Furlenco targets mostly bachelors/youngsters. “They are perfectly fine sleeping on the floor even if their annual salary is Rs 20 lakh. They have minimal furniture. We mix up products instead of giving them just another bed,” Ajith says.
The pod and the bounce are two items with which Furlenco is luring customers. “Exciting the customer demands innovations in design. There is more work in progress as we want constant innovations,” Ajith adds.
No strings attached
Furlenco’s customers are not necessarily people who cannot afford to buy furniture. It is a choice they make for other reasons, the most prominent of which is the zero-commitment clause. Since the average Furlenco customer rents its furniture for 18 to 20 months, it is possible for the customer to change/swap the models at least once. In short, new looks are possible for your house with new furniture even if you are not moving.
This is exactly what drew Ajith Chandran, a 30-year-old techie, to Furlenco. He has rented beds, cupboard, sofa set which he swapped twice, and a pod. Now he pays a rent of Rs 5,000 per month and has been a customer for more than a year. Since he shares a 3BHK apartment with two friends, to buy furniture, everyone will have to chip in and if they move out separately, there will be confusion on who should take each item.
“If we are buying individually, it costs too much and we may not have that amount in one go. EMIs are for assets—but these items undergo depreciation in no time. In case the cot breaks, your money is gone. But Furlenco does maintenance, swap, clean up, everything very professionally,” Chandran says.
Furlenco also provides large electronic appliances for rent. Among their most popular categories are beds, signature products like the Pod and Bounce, living room sofa, and dining table (in that order).
The freedom which Furlenco offers to the customer—choice of design and tenure period—is one reason why Ajith is not worried about furniture sellers, whether they are offline players or online ones like Urban Ladder and Pepperfry, or even the Swedish giant IKEA. “Indians are too lazy for DIY. So, there is no billion-dollar market for IKEA here,” Ajith says. However, Furlenco’s model can work only in cities where people are moving all the time, which restricts the company’s growth. Satish Meena, forecast analyst at Forrester Research, says, “Outside metro cities, families are still higher in number than bachelors sharing a house. So Furlenco should grow deeper than vaster; 90 percent of their revenue will be from metro cities.” If this holds true, even a lot of marketing may not bring ROI for Furlenco.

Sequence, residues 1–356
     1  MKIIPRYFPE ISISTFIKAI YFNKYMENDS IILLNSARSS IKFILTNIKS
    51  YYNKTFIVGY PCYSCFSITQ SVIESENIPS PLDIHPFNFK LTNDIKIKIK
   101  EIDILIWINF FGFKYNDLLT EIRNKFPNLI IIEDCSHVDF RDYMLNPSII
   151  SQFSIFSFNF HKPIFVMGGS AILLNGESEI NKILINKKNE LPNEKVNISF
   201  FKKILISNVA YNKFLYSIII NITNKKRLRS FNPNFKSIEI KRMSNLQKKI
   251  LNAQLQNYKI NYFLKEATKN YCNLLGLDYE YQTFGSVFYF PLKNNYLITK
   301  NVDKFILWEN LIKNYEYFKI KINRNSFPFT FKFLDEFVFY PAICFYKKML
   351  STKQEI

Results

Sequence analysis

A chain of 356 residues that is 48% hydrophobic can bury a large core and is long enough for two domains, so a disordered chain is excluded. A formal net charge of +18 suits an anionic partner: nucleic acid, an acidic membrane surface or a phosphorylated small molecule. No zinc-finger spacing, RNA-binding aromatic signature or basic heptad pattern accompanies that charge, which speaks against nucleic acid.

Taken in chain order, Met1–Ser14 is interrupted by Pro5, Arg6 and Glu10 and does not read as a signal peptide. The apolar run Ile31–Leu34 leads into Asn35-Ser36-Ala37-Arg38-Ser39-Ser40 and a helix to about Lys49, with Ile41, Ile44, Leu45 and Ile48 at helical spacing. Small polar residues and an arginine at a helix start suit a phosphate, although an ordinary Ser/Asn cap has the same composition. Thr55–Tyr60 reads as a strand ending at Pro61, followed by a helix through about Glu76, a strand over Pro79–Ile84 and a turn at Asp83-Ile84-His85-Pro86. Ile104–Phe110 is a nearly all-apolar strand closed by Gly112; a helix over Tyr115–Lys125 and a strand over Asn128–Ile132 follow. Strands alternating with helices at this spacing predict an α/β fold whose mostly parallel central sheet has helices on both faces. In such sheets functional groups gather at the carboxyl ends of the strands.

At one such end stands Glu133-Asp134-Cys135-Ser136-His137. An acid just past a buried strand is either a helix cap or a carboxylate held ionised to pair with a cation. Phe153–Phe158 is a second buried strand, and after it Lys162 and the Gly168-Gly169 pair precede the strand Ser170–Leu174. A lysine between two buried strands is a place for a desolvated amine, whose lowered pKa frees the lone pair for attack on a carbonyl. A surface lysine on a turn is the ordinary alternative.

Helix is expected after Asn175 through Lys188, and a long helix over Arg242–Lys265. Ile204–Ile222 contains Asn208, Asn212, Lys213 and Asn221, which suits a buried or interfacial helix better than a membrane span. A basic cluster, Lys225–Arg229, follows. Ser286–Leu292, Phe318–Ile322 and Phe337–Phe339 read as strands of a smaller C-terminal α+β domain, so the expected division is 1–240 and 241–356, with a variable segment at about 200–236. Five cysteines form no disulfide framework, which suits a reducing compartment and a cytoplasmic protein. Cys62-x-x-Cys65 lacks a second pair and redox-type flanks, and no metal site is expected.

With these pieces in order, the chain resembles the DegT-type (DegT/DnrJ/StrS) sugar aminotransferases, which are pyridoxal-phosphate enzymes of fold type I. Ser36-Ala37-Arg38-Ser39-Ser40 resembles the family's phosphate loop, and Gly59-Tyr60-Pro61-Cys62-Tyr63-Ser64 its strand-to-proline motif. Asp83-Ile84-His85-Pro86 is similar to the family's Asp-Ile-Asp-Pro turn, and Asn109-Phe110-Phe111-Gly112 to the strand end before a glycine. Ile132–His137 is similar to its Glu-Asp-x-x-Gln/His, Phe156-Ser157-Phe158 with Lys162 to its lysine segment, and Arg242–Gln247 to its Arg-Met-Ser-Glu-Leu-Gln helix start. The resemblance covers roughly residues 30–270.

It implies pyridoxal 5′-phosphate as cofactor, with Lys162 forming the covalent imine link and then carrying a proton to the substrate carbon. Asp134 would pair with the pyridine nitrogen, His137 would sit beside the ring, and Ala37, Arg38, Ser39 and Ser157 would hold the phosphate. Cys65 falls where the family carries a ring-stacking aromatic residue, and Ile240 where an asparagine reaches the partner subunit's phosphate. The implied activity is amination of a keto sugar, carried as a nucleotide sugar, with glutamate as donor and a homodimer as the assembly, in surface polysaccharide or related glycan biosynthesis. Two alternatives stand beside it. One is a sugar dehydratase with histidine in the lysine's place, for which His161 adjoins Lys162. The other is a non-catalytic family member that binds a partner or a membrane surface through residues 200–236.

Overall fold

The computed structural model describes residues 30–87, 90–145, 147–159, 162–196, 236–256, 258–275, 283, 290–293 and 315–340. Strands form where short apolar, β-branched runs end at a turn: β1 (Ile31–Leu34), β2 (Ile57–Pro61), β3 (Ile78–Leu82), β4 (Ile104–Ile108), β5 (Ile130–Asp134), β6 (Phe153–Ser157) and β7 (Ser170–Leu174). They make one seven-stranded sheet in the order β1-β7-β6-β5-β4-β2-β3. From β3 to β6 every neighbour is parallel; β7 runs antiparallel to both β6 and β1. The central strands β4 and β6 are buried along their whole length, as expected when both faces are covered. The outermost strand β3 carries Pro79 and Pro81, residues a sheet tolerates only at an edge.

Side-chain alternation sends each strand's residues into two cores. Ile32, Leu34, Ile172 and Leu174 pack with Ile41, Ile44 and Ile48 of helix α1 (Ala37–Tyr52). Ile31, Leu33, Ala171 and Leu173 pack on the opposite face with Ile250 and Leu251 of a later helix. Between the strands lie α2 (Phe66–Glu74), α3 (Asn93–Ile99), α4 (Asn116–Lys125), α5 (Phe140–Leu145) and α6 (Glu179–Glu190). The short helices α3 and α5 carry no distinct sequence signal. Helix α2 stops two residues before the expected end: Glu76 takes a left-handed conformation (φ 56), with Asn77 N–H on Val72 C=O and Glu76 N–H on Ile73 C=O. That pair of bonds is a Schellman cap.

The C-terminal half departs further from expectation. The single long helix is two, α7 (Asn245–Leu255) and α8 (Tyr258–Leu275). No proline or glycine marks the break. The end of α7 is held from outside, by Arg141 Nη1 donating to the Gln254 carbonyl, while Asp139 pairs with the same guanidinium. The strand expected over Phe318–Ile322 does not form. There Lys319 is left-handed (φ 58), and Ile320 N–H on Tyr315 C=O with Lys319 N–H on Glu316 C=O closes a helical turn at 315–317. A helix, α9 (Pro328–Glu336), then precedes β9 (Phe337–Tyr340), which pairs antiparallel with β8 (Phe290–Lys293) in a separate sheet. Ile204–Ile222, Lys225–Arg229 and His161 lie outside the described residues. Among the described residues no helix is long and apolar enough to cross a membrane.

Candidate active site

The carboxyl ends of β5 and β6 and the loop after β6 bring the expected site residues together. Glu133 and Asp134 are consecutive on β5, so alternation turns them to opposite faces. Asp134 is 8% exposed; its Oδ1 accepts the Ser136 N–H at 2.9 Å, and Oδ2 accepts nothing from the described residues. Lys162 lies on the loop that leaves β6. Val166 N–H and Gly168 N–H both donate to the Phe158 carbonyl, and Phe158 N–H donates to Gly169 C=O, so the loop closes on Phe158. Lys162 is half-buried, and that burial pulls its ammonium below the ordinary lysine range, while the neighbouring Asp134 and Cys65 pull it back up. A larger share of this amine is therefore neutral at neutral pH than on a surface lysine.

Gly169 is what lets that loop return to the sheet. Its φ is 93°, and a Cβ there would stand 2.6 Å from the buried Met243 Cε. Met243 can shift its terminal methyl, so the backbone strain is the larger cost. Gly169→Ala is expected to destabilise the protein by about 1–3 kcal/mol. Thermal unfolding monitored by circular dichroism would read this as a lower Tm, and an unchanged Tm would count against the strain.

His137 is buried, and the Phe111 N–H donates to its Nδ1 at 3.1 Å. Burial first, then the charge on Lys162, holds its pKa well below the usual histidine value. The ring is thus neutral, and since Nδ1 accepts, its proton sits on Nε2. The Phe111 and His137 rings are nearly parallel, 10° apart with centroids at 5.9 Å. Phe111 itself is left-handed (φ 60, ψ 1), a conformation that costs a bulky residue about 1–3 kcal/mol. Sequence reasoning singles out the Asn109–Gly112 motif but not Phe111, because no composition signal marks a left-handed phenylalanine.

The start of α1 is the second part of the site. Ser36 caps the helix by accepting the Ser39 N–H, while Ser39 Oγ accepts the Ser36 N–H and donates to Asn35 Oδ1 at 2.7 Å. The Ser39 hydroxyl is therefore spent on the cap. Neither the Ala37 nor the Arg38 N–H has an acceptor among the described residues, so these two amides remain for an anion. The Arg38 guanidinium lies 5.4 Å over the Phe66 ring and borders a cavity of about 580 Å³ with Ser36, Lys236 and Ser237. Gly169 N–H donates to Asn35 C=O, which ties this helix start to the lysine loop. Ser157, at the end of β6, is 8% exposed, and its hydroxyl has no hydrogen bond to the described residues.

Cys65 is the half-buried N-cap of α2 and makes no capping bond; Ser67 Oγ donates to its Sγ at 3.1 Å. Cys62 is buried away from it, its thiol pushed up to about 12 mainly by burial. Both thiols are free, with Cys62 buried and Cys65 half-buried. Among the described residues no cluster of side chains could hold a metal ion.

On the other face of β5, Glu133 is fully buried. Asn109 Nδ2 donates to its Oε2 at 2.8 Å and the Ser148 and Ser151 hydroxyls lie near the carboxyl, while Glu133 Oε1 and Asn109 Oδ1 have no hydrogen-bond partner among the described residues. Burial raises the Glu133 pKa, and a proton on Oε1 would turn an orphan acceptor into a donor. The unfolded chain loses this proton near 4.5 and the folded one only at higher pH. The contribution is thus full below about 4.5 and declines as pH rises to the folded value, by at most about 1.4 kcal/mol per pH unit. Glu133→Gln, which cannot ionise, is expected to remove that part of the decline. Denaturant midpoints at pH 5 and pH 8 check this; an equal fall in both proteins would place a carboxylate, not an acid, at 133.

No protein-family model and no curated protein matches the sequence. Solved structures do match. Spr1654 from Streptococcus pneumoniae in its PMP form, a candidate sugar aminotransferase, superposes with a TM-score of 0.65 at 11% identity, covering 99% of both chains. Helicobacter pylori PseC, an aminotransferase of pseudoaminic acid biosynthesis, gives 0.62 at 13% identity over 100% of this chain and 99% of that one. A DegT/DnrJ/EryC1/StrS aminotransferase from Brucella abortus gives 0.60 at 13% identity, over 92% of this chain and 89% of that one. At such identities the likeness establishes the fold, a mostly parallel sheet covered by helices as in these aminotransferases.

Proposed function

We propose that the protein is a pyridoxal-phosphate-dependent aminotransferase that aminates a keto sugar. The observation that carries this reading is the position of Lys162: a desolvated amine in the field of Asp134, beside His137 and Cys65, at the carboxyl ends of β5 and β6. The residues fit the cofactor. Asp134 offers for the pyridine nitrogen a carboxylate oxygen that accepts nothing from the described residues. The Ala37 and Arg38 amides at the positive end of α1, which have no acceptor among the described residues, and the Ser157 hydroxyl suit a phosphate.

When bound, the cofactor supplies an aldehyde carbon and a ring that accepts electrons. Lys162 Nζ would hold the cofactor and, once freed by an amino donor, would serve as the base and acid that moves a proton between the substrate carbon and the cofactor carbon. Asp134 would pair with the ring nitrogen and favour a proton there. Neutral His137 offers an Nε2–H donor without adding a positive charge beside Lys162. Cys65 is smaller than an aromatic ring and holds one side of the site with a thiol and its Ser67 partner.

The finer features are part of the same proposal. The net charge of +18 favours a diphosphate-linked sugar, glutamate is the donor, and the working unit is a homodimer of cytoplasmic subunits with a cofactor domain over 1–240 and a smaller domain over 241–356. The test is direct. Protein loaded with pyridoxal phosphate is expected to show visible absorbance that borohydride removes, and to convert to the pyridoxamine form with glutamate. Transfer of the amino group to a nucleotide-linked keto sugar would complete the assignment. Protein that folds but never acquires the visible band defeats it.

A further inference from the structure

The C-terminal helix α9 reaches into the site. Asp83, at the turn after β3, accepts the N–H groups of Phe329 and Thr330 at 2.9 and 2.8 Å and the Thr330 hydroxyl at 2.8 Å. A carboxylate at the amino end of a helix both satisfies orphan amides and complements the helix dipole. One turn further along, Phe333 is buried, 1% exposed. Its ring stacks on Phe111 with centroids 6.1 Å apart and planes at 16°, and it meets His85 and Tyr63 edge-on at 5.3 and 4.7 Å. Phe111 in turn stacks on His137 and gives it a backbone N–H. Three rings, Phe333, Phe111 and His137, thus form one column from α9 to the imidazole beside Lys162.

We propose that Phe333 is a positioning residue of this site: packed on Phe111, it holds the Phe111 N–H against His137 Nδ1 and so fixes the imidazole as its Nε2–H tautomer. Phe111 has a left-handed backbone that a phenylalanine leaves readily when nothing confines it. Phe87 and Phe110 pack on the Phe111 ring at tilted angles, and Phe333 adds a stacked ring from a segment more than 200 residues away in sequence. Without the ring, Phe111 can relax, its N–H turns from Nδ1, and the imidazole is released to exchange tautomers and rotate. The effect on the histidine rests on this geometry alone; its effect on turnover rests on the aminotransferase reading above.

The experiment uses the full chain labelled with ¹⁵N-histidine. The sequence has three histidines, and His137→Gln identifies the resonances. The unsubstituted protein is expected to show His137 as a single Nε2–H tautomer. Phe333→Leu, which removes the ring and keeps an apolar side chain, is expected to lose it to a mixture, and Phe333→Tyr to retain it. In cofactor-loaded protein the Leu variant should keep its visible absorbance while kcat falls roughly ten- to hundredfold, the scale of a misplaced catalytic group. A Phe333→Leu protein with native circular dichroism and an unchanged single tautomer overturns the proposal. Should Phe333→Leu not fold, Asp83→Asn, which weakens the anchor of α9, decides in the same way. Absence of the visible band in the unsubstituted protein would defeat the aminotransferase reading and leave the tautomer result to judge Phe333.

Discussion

Ajith lets YourStory in on a little secret: Furlenco gives no discounts—even for its employees. “We should not undermine our own product. Even my wife does not get discounts,” he says.
Furniture manufacturing and logistics are very expensive. “We focus on how much we can push without losing sales. There are some products for which if the price is increased by Rs 50, sales will drop by 20 percent. If you decrease it by Rs 200, sales will go up by 50 percent. You push the boundary according to research,” says Ajith.
Furlenco already has positive cash flow and unit economics. The Flipkart/Ola model will not work in this business model, as incentives to sell furniture will result in higher customer acquisition costs. On the other hand, not being a marketplace gives better margins.
“Even BigBasket and Flipkart make money with their own brands. You can’t survive without margins; only private label can give that,” says Ajith.
Their warehouses are 100,000 sqft each (one per city). Furlenco rents its fulfilment centres but owns the manufacturing process.